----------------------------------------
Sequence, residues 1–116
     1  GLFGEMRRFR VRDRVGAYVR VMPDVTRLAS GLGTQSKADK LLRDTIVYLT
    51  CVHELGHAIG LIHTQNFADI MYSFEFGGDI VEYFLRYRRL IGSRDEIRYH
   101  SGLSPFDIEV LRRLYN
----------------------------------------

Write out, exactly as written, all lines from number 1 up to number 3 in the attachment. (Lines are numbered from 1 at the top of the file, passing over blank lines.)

Sequence, residues 1–116
     1  GLFGEMRRFR VRDRVGAYVR VMPDVTRLAS GLGTQSKADK LLRDTIVYLT
    51  CVHELGHAIG LIHTQNFADI MYSFEFGGDI VEYFLRYRRL IGSRDEIRYH